From BR Bullpen
David Earl Philley
- Bats Both, Throws Right
- Height 6' 0", Weight 188 lb.
- School East Texas State College
- High School Chicota High School
- Debut September 6, 1941
- Final Game August 6, 1962
- Born May 16, 1920 in Paris, TX USA
- Died March 15, 2012 in Paris, TX USA
 Biographical Information
As evidenced by his lengthy 18-year career which ended at age 42, Dave Philley was a solid major league ballplayer who wasn't great in any one category (except pinch-hitting) - but very good in most. He was regarded as a solid hitter with some speed, while defensively, he had a good throwing arm. For the last five years of his career, he had no peer as a pinch hitter, and he is still considered one of the greatest pinch-hitters of all-time.
As a boy, Philley became a switch hitter after breaking his arm. He began his pro career in 1940 as 20-year-old with the Marshall Tigers. When he hit .341 for two clubs the following year, he got a shot in the majors in September, appearing in 7 games for the Chicago White Sox. He was back in the minors with the St. Paul Saints for part of the 1942 campaign before joining the army. He then missed the next three years while serving during World War II.
Philley came back after the war and spent most of 1946 in the minors with the Milwaukee Brewers, hitting .329 with 13 home runs before earning another late-season call-up with the White Sox (and hitting .353/.389/.471). He became Chicago's regular left fielder in 1947, a role he held for the next four years. Early in the 1951 season, he was traded to the Philadelphia Athletics along with Gus Zernial as part of a three-team, seven-player deal that brought Minnie Minoso to the Sox.
Philley spent three years with the A's and had the best season of his career in 1953, hitting .303 with a career-high 30 doubles. However, early in 1954, he was dealt to the Cleveland Indians for Bill Upton and Lee Wheat. He struggled that year for the Tribe, batting just .226 and going 1-for-8 in the World Series as Cleveland fell to the New York Giants. Over the next three summers, he played for four different clubs: the Indians, the Baltimore Orioles, the White Sox again, and the Detroit Tigers. By the end of 1957 he had played for five of the eight American League teams (but never in the National League up to that point).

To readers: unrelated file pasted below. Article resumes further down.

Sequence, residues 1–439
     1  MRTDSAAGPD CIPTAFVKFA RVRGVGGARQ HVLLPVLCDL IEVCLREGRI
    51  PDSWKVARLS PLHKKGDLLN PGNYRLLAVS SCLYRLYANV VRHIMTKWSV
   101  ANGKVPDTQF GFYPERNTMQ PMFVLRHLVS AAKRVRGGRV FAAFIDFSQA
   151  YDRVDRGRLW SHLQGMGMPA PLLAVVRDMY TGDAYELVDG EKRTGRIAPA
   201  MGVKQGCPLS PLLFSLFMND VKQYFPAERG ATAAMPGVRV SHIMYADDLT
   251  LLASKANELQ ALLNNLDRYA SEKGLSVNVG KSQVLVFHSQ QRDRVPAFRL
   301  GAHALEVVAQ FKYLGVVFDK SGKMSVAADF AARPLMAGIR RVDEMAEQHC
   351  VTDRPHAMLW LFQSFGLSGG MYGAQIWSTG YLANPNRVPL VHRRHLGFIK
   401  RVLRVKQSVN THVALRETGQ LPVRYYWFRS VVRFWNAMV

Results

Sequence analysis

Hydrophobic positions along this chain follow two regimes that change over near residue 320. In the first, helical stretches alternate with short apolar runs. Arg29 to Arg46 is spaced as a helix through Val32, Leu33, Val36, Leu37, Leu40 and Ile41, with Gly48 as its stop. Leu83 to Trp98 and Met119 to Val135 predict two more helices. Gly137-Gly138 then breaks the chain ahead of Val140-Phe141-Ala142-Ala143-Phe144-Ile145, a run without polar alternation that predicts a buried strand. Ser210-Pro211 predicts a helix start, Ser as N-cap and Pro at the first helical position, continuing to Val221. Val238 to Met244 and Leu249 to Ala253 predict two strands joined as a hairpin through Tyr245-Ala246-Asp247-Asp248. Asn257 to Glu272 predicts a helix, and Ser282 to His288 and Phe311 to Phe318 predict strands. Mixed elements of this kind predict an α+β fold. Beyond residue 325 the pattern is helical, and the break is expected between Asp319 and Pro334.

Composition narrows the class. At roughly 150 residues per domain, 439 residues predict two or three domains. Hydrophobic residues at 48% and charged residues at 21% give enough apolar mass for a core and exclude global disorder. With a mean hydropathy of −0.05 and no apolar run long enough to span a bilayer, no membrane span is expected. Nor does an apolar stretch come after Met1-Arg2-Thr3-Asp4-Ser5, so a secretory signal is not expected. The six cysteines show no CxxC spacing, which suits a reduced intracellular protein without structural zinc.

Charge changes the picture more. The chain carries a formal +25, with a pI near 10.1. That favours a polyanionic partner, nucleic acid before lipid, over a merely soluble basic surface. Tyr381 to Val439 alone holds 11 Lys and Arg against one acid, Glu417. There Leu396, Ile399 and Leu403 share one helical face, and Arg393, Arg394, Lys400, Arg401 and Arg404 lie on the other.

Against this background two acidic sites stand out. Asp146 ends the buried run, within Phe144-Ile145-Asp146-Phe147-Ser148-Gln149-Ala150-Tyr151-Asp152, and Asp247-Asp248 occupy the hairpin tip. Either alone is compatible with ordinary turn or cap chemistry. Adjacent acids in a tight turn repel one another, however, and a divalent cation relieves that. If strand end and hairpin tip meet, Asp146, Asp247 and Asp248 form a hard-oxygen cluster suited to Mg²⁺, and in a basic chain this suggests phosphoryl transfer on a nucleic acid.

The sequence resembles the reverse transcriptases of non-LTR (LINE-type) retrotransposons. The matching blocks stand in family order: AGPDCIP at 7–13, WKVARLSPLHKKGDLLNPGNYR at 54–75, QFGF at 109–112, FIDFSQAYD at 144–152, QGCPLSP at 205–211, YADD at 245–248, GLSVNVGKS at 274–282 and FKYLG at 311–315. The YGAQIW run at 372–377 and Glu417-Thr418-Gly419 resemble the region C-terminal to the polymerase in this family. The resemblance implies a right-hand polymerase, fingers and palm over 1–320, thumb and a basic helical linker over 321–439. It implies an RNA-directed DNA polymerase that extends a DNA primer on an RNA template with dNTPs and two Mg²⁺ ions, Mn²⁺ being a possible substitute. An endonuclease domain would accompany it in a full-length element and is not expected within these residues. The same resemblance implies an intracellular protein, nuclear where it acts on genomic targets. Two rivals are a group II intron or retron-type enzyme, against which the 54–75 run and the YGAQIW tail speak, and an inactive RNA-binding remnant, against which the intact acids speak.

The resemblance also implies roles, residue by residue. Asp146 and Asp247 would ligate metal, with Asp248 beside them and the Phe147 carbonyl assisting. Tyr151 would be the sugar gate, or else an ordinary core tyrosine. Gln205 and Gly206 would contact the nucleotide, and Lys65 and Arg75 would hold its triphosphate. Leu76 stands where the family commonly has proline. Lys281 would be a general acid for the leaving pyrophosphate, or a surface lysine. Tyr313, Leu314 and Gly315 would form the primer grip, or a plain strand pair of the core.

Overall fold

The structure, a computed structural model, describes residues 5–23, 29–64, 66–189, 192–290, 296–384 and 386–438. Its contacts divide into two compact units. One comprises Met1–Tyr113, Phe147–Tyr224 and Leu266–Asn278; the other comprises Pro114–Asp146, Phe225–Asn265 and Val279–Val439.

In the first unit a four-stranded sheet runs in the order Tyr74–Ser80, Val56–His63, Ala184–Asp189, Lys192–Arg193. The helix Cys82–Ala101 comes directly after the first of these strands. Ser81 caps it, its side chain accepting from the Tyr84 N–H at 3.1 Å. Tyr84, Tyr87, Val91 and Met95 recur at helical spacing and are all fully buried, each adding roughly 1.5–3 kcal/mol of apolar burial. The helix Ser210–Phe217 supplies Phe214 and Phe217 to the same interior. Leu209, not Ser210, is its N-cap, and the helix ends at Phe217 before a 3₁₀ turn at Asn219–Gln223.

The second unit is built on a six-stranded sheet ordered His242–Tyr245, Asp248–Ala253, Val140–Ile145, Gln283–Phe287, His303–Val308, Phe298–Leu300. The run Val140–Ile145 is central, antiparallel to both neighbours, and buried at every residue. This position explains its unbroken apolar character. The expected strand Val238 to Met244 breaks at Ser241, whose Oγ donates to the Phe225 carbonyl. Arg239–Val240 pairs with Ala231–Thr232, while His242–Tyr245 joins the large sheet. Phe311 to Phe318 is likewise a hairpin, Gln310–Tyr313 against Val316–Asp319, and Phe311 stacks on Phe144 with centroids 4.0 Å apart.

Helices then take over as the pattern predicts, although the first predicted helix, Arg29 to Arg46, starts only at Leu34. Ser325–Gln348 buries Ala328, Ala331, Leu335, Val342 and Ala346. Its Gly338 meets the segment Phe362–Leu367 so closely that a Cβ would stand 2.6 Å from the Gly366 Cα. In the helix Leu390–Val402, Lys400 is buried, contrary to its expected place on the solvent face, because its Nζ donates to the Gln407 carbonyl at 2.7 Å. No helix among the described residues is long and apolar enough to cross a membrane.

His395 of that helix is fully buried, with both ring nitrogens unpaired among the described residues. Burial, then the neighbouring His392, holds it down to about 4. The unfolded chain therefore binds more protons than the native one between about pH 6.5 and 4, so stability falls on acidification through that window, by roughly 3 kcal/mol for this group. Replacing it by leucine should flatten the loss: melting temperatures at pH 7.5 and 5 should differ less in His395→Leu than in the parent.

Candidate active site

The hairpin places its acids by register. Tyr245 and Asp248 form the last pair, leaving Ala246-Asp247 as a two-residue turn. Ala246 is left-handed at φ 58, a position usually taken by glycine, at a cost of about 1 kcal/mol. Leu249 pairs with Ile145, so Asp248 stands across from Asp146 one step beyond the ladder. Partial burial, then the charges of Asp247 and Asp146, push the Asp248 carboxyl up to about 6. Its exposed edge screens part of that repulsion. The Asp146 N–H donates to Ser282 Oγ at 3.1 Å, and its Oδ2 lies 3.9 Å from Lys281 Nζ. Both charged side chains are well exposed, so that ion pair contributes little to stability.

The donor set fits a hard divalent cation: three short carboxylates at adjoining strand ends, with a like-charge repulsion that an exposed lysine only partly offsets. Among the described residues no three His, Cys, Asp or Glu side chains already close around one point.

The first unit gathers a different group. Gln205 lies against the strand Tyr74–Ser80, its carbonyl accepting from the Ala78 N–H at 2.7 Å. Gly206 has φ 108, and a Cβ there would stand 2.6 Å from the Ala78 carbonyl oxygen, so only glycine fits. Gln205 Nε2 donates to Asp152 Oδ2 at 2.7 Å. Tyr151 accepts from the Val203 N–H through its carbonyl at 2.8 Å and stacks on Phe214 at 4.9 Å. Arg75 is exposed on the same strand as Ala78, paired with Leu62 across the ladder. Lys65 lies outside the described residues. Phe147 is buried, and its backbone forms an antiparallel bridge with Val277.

Philley returned to Philadelphia at age 38 in 1958, playing in the NL for the first time with the Philadelphia Phillies. He hit .309 in his first year with the club and ended the season by setting a record with 8 consecutive pinch hits. He added one more on Opening Day 1959 to put the mark at 9, and he went on to hit .291 that year. He moved on to the San Francisco Giants in mid-1960 and then went back to the Orioles later that year. With Baltimore in 1961, he set a record with 24 pinch-hits; the major league record was since broken by Jose Morales and later John Vander Wal and now stands at 28, but Philley still holds the AL mark. He closed out his big league career in 1962 with the Boston Red Sox, twenty-one years after breaking into the majors.
Immediately after retiring, Philley tried his hand at managing. He was with the Modesto Colts in 1963, the Statesville Colts for part of 1964 (before Rudy York took over), the Cocoa Colts later in 1964, and the Durham Bulls in 1965. Leaving the Houston Astros' organization, he managed one year in the Red Sox chain with the Waterloo Hawks.
 Records Held
- Consecutive hits, as a pinch hitter (9) in 1958-1959
- Most at-bats in an 18-inning doubleheader (13) in 1951
 Further Reading
- Cort Vitty: "Handy in a Pinch: Dave Philley", in Morris Levin, ed.: From Swampoodle to South Philly: Baseball in Philadelphia and the Delaware Valley, The National Pastime, SABR, 2013, pp. 223-226.